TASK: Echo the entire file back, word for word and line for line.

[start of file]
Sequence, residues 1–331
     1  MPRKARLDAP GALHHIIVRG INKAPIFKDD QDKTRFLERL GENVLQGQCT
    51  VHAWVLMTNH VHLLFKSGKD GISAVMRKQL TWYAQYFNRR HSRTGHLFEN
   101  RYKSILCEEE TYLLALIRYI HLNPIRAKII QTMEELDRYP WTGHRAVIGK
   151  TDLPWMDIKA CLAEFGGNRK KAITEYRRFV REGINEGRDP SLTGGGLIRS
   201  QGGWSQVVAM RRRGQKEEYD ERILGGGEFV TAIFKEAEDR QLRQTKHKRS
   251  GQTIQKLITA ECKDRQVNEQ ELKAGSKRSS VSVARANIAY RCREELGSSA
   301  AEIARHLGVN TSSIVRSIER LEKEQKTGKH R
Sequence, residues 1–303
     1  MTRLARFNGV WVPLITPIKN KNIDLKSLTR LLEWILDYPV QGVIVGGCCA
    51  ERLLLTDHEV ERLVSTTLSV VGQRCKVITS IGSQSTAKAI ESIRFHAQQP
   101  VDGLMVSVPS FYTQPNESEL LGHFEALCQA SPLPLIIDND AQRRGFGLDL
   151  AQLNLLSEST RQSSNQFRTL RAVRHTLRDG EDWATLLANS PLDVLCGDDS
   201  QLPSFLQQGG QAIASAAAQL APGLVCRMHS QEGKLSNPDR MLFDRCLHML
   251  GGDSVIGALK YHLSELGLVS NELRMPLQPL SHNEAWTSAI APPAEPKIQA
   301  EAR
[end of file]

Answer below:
Sequence, residues 1–331
     1  MPRKARLDAP GALHHIIVRG INKAPIFKDD QDKTRFLERL GENVLQGQCT
    51  VHAWVLMTNH VHLLFKSGKD GISAVMRKQL TWYAQYFNRR HSRTGHLFEN
   101  RYKSILCEEE TYLLALIRYI HLNPIRAKII QTMEELDRYP WTGHRAVIGK
   151  TDLPWMDIKA CLAEFGGNRK KAITEYRRFV REGINEGRDP SLTGGGLIRS
   201  QGGWSQVVAM RRRGQKEEYD ERILGGGEFV TAIFKEAEDR QLRQTKHKRS
   251  GQTIQKLITA ECKDRQVNEQ ELKAGSKRSS VSVARANIAY RCREELGSSA
   301  AEIARHLGVN TSSIVRSIER LEKEQKTGKH R
Sequence, residues 1–303
     1  MTRLARFNGV WVPLITPIKN KNIDLKSLTR LLEWILDYPV QGVIVGGCCA
    51  ERLLLTDHEV ERLVSTTLSV VGQRCKVITS IGSQSTAKAI ESIRFHAQQP
   101  VDGLMVSVPS FYTQPNESEL LGHFEALCQA SPLPLIIDND AQRRGFGLDL
   151  AQLNLLSEST RQSSNQFRTL RAVRHTLRDG EDWATLLANS PLDVLCGDDS
   201  QLPSFLQQGG QAIASAAAQL APGLVCRMHS QEGKLSNPDR MLFDRCLHML
   251  GGDSVIGALK YHLSELGLVS NELRMPLQPL SHNEAWTSAI APPAEPKIQA
   301  EAR